State Representative District #80 Candidates Forum – Anita Judd-Jenkins and Michelle Schiltz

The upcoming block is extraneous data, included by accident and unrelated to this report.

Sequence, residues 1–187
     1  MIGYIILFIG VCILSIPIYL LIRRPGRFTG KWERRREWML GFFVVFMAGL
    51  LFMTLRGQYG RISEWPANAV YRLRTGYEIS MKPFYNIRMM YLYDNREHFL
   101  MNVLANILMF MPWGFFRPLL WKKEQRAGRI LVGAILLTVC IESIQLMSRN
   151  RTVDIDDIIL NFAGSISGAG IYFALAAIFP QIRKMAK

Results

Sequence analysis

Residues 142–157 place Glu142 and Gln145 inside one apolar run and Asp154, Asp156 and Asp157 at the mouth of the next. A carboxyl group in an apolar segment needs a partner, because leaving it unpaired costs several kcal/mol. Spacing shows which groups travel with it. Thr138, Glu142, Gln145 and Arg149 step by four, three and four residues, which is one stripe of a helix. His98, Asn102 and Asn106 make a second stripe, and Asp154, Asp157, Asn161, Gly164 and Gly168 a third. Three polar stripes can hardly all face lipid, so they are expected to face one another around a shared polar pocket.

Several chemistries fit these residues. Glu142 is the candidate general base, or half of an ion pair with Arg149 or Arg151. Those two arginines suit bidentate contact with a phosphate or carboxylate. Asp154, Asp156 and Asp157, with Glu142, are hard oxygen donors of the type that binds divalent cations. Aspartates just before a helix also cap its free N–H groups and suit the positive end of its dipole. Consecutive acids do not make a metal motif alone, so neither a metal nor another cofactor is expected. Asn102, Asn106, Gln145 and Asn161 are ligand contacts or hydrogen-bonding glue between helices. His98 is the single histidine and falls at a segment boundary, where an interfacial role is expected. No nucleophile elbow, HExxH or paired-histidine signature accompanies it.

first_imgby Tracy McCue, Sumner Newscow — The following is a candidates forum featuring Anita Judd-Jenkins, a Republican, and Michelle Schiltz, a Democrat, who are running for State Representative of District #80 which encompasses the southern portion of Sumner County and the east half of the city of Wellington. The district is outlined in blue in the graphics below.Click here for larger version.Click here for larger version. 1. Briefly, tell us about yourself, your background, and how you became a candidate for the Kansas House/Senate in 2016? Judd-Jenkins — I was raised and educated in Kirksville, Mo. and attended hometown Northeast Missouri State University (now Truman University). We moved to Arkansas City in 1976. I was widowed in 1981 with two young sons, and married Ronnie Jenkins in 1990. My eldest son lives in Winfield and teaches at USD 470. My youngest son died at age 25 in 2003. Both graduated from Southwestern College. I have a wonderful daughter-in-law (from Wellington) and grandsons, ages 13 -20.        I retired in 2013 from a career in marketing and sales management. I worked as a Montgomery Ward store manager, John Morrell Processed Meats National Product Sales Manager, and the last 25+ years as the Marketing Vice President for Home National Bank (now RCB Bank) and Heritage Club Director, a loyalty program.I have served as: Rotary past president, Soroptimists, Chamber of Commerce, Arkansas City Boards (Transportation, Tourism, Historical, Library), Twin Rivers Developmental Services Board of Directors, Junior Service League, 1st Presbyterian Church Deacon, advisory board for Presbyterian Manors. Past member of Kansas State Tourism Association and served on Advisory Board for Heritage Clubs International.I had been approached for some time to consider running for Representative from professionals who felt I had the job skills that would serve our district well. I resisted until my eldest grandson expressed his concerns of staying in Kansas after graduating from college, saying his generation has only seen the diminishing of services and a state indebtedness that will affect his income and opportunities in his career. He accused my generation, and his parents’ generation, of apathy in the diminishing of our states strengths.Schiltz — I am Michelle Schiltz, and I was born and raised in Caldwell, where I live with my husband Leo.  After graduating from CHS, I attended Emporia State University, where I received a Master’s degree in history in 1980.  I have owned two small businesses.   I am currently the President of the Caldwell Chamber of Commerce, and I served for 10 years on the Caldwell City Commission as Finance Commissioner, during which time my chief responsibility was the city budget.   I decided to run for the Kansas House because I truly believe that Gov. Brownback and his allies in the legislature have, through their irresponsible policies concerning taxation and school finance, as well as their refusal to expand Medicaid, damaged our state and hurt some of our most vulnerable citizens. 2. Would you vote to repeal the Kansas income tax cuts of 2012?  Judd-Jenkins — Yes and no.  Repealing the 2012 tax cut will not fill the hole that has been created, although it’s a start. We must develop a comprehensive tax plan that has everyone’s skin in the game while being mindful of our necessity for growth.Schiltz — I would definitely look to repeal most, if not all, of the 2012 tax cuts.  I would also close the LLC loophole, in which 330,000 people and businesses were exempted from paying any income tax. 3. Revenues continue to fall short of projections for the state of Kansas. In turn Moody’s has reduced Kansas’ revenue bond rating for two consecutive years. How would you solve this issue? Judd-Jenkins — Our lack of revenue, our debt, our lack of reserves, and our inability of pay our yearly obligations has created our poor ratings. To improve ratings this must be reversed by having a proper tax plan and fee structure to insure revenue growth and our ability to meet our obligations.Schiltz — Clearly we cannot meet our revenue projections because the cuts to our revenue stream were too severe.  We must develop a more responsible taxation policy in order to generate revenues so we can pay our bills.  We cannot continue to borrow our way out of this budget crisis.4. In a recent study conducted by Truth in Accounting – a Chicago-based research organization- it found that Kansas has the third-highest taxpayer burden in the Midwest. The firm attributes Kansas’ accumulation of long-term liabilities as a reason for this. How should Kansas solve this issue?Judd-Jenkins — It’s a hard reality, we let it happen to our state, and now we must face the music. The governors and the legislators have not wanted to limit services, increase taxes, close tax loopholes, and realign tax exemptions to pay our full obligations. It’s not popular with constituents so it becomes hard to get reelected. But with the Piper at our door for payment, we must do as any family in peril; leave our Party coats, egos, and personal agendas at the door, come together allowing everyone’s’ ideas to be studied and considered, prepare the best possible plan for recovery, implement what is needed, and share the process with family members so they may fully understand the reasoning of decisions. Kansans are smart, realistic, and have historically pitched in during crisis to overcome adversity IF they are informed with plain talk and honest facts. Let’s stop the political spins, the distraction of prioritizing social agendas, and return to the business of financing our responsibilities.Schiltz — In order to try to increase our revenues, the Brownback-led legislature passed the highest tax increase in Kansas history, all while claiming that they had reduced taxes.  All they did was increase the burden of taxes onto the shoulders of the poor and middle classes, while giving the wealthy a break.  Taking out “payday loans” to cover our deficits has dug us even deeper into our budget crisis.We must create a fair taxation policy, in which everyone pays their fair share.5. According to Sumner Regional Medical Center officials, the hospital is losing almost $600,000 to $750,000 a year by Kansas not participating in the federal Medicaid Expansion program. Do you believe Kansas should participate in such expansion? Judd-Jenkins — YES, and for many more reasons than just our state’s hospitals finances. You may not like it, but if you pay any federal income tax, you are paying for Medicaid, in Kansas called KanCare. Thus far Kansas has just refused to take our share of the reimbursement of medical dollars, so it is distributed to those states who have accepted the federal plan. Our medical providers, clinics, pharmacies, nursing homes, medical suppliers and auxiliary companies are in jeopardy when we underfund these expenses by inadequate reimbursement. The thousands of Kansas healthcare workers and support staffers and facilities are affected by this lack of funding. We are limiting any opportunity for stability and growth in the medical industry.Schiltz — I firmly believe that Kansas should expand KanCare.  Kansas does not save money by refusing expansion—it gives up the opportunity to bring tax dollars back to our state.  Nearly all the costs of expansion are covered by the federal government through tax dollars we have already paid.  Rural hospitals are in danger—which leaves rural Kansans without the healthcare we deserve.According to the Kansas Health Association, Sumner Regional Medical Center has lost $766,253 in the past three years because of our governor’s refusal to expand Medicaid.  Those who would be covered would be working Kansans who make too much to qualify for KanCare, but not enough to enter one of the exchanges, or who are not provided with insurance by their jobs.   Expanding Medicaid will help the Kansas economy and is estimated to create more than 3,800 jobs.6. There is a lot of talk about restructuring the school funding formula. Do you believe a new school-finance system should be in place, or do you believe the state should return to the old formula that was in use as late as 2014? Judd-Jenkins — I look forward to the rigorous process of the required new school formula in 2017. There are many who have been preparing new approaches as well as reformulating/revising the old school-finance formula.  As a new legislator I plan to study these offerings while they are being discussed in committee and communicate with all our USDs superintendents to fully understand the implications of the proposed formulas.  With their valuable knowledge I will be better prepared to vote accordingly.Schiltz — The school funding formula that was in use in 2014 needs to be restored.  Brownback replaced it with one that was neither fair nor adequate, and, as it turned out, unconstitutional.  We need to return to the previous formula, and look at ways we can improve on it.7. What is the No. 1 economic development issue for Sumner County and the state of Kansas today? Judd-Jenkins — Sumner County has a unique opportunity this election cycle to propel its growth potential for decades to come. Cowley College is proposing a campus in Wellington to provide unique educational opportunities designed for Sumner’s industries and the retention of their youth.  Classes in agriculture business, aerospace engineering, technology, non-destructive testing as well as general education for those preparing for a 4 year degree will be provided to the county if the citizens realize this investment by supporting the ½ cent sales tax for 10 years. Besides the college itself being a new business in Sumner, it will provide an educated workforce for the growth of all Sumner industries. As a resident of Arkansas City, I invite Sumner County residents to visit our campus and see our growth in the last 25+ years!Economic Development is a unique application of ideas, incentives, and cooperation shared between the state, county and city governments to find new industry opportunities as well as help sustain and provide growth opportunities for existing industry. All three factions of the government must be willing to fund it with their budgets and have creative, realistic incentives. Current budgets have limited these opportunities. I would like the state to review the incentive programs to insure their effectiveness and determine new, creative approaches.Schiltz — Kansas needs jobs.  Sumner County needs jobs.  Our population in Sumner County is shrinking, and along with it our tax base.  We need to invest in ways to create new growth in both population and jobs.  The 2012 tax cuts did not result in the “shot of adrenaline” that our governor promised.Many thousands of jobs were lost in construction alone because of the cuts to transportation projects.  Investment in infrastructure creates jobs.  In Sumner County I believe we need to invest in our future by supporting the proposed expansion of Cowley College into Wellington.  8. What is the best way to attract new jobs and visitors to Kansas? Judd-Jenkins —Good healthcare, good schools, good infrastructure, educated workforce, favorable incentives, fair taxation, and cultural opportunities. Tourism generally comes to states that aggressively fund tourism and the arts. Success is attainable through budgeting for a creative master theme, state funding for theatre, museums, historic sites, state parks, etc., hospitality education plans for front line personnel (restaurants, hotels, museums, welcome centers, etc.), and a well-funded  creative marketing plan to publicize these efforts. Kansas has severely cut or eliminated funding in these areas.Schiltz — We need to provide opportunities for our people here.  We can keep our kids here in Sumner County by providing them with affordable education opportunities.  We need to partner with our schools and businesses to help them educate our children to be innovators.  Kansas spends next to nothing on tourism.  We need to advertise our quality of life here in Kansas.    Our children are our future, and we must find ways to ensure that they get quality education and opportunities here at home.9. Legalizing Marijuana has become a hot topic across the U.S. Do you believe that marijuana should be legalized in Kansas whether it be medical or recreational? How about the decriminalization or reduce sentencing of the drug? Judd-Jenkins — I wish to be better informed by our criminal and judicial authorities before making a decision on the issue of decriminalization or reduced sentencing for marijuana. I also wish to learn from our medical professionals of the attributes of use for medical reasons as well as from economists on the tax benefits of decriminalization. If I am selected to represent District 80, it will be my responsibility to have an open mind and learn as much as possible on all issues facing our state. I must vote to the benefit of those I serve, even if I have no prior opinion or personal knowledge. Schiltz — I believe in legalizing medical use of marijuana, and I also believe in reduced sentencing. I believe it would free up our already bogged down court system so they can prosecute the more serious criminal cases effectively.  10. Do you believe Supreme Court justices should be appointed by an independent judiciary council or should it be made by the governor? Judd-Jenkins —An independent judiciary council. Our Founding Fathers designed our government to have 3 equal branches to ensure independence, fairness in representation, and freedom from tyranny. The governor is elected to lead the executive branch, not the legislative or judicial. To allow this governor or any future governor, to determine the makeup or balance of influence in the judicial or legislative branches undermines the very strength of our “separate but equal” system of government.Schiltz — Our Supreme Court Justices should NOT be appointed by the governor.  The judiciary branch needs to be chosen on merit.  Our court system needs to be fair and free from any political influence.11. What is your No. 1 pet peeve at the moment when it comes to Kansas state politics? Judd-Jenkins — Partisanship.Schiltz — My pet peeve about our state politics is that we are far too focused on political parties.   Personally I think that a lot of people out there lean much more towards being independent than being Republican or Democrat, and what policies they support or do not support.  I am a Democrat, but that being said, it does not mean that I must fully support everything the party does.  We must realize that compromise is the only way things get done—and I am willing to compromise in order to move Kansas, and Sumner County, ahead.12. What would be the No. 1 question you would ask your opponent?Judd-Jenkins — If I am the fortunate one to win in November, will you continue your active involvement by advising me on the issues in our District so I can better represent us?Schiltz — Actually, Anita and I have become very good friends during this election cycle.  Even though we represent different parties, we have discussed the issues and have found that we agree on much more than we disagree on—if anything!  I would probably ask her where she would like to go out to dinner to celebrate when the election is over!13. Do you have anything else to add? Judd-Jenkins — I wish to thank the constituents in District 80 for their kind welcome. It has been my delight and pleasure to get to know many, and I look forward to meeting many more during the next weeks and months. I am a servant leader with experience in effective interaction with all social and economic factions. I will show up for work, attend the work sessions, and stay for the vote. I will seek the knowledge and advice of our District’s constituents in understanding the issues and how pending bills will affect our District. I seek to restore civil discourse while upholding our constitutional duty. My vote on every issue must be earned.Schiltz — I chose to run for House District 80 because I feel our state is headed in the wrong direction.  I also want to make sure that Sumner County gets the representation we deserve.  Rural Kansas is hurting, and I hope that when I am elected, I will be able work on policies that will benefit our largely rural district—policies affecting our schools, our hospitals, our economy, and our farmers.  We need new leadership in Topeka—and I humbly ask for your vote so I can fight for Kansas and Sumner County.———EDITOR’S NOTE: We will be featuring state representative candidate’s forums throughout involving Sumner County candidates. For the State Senate District 32 forum between Larry Alley and Don Shimkus click here.Follow us on Facebook.Follow us on Twitter. Close Forgot password? Please put in your email: Send me my password! Close message Login This blog post All blog posts Subscribe to this blog post’s comments through… RSS Feed Subscribe via email Subscribe Subscribe to this blog’s comments through… RSS Feed Subscribe via email Subscribe Follow the discussion Comments (2) Logging you in… Close Login to IntenseDebate Or create an account Username or Email: Password: Forgot login? Cancel Login Close Username or Email: Password: Lost your password? Cancel Login Dashboard | Edit profile | Logout Logged in as Admin Options Disable comments for this page Save Settings Sort by: Date Rating Last Activity Loading comments… You are about to flag this comment as being inappropriate. Please explain why you are flagging this comment in the text box below and submit your report. The blog admin will be notified. Thank you for your input. +4 Vote up Vote down Lonnie Cooper · 199 weeks ago What a great response of both candidates to Question 12. I commend them. We need to speak out against the kind of ugly conduct and attitudes we have seen lately at the national level. Report Reply 1 reply · active 199 weeks ago 0 Vote up Vote down EmpiricData · 199 weeks ago Lonnie-Absolutely correct in your assessment. I can find little fault with the answers, with the exception of Anita Judd-Jenkins defining the proposed Cowley College expansion as “College being a new business in Sumner County” in question 7. Business do not ask for a county-wide sales tax increase to fund their build. Businesses generally are required to pay property tax on most everything associated with it, including the possibility of paying sales tax on materials used in build process. Cowley College does not even fit the definition of a business by the SCEDC mission statement. Cowley College has only used what is referred to as “empiric data”, and while we can change the meaning to “empirical”, I always look at every secondary meaning to words. Lonnie, I’m a person who dealt with the engineers building aircraft for over thirty years and had to deal with absolute data, I cannot abide with empiric data, just as you as an accountant have to deal with absolute numbers/data. I cannot find the absolutes in Cowley College proposal, with the exception of this: Cowley College has drawn over 18 mils of funding on average for the last 5 years which equated to over $4.6 million dollars taken from the Cowley County economy every year of those 5 years. Now, with the proposed sales tax to fund the expansion, Cowley College will remove from $10-$12 million dollars from the economy of Sumner County while relying on empiric data to sell their proposal in my opinion. How do we explain the increase in sales tax to the single mother with 3 or more children, how do we explain this to the elderly, how do we explain this to our Section 8 residents? Wellington is the county seat with 7,800 or so, but there are another approximate 15,500 residents in the county. I have given up on the logic behind this proposal, too many promises with little hard data. Report Reply Post a new comment Enter text right here! Comment as a Guest, or login: Login to IntenseDebate Login to Login to Twitter Go back Tweet this comment Connected as (Logout) Email (optional) Not displayed publicly. Name Email Website (optional) Displayed next to your comments. Not displayed publicly. If you have a website, link to it here. Posting anonymously. Tweet this comment Submit Comment Subscribe to None Replies All new comments Comments by IntenseDebate Enter text right here! 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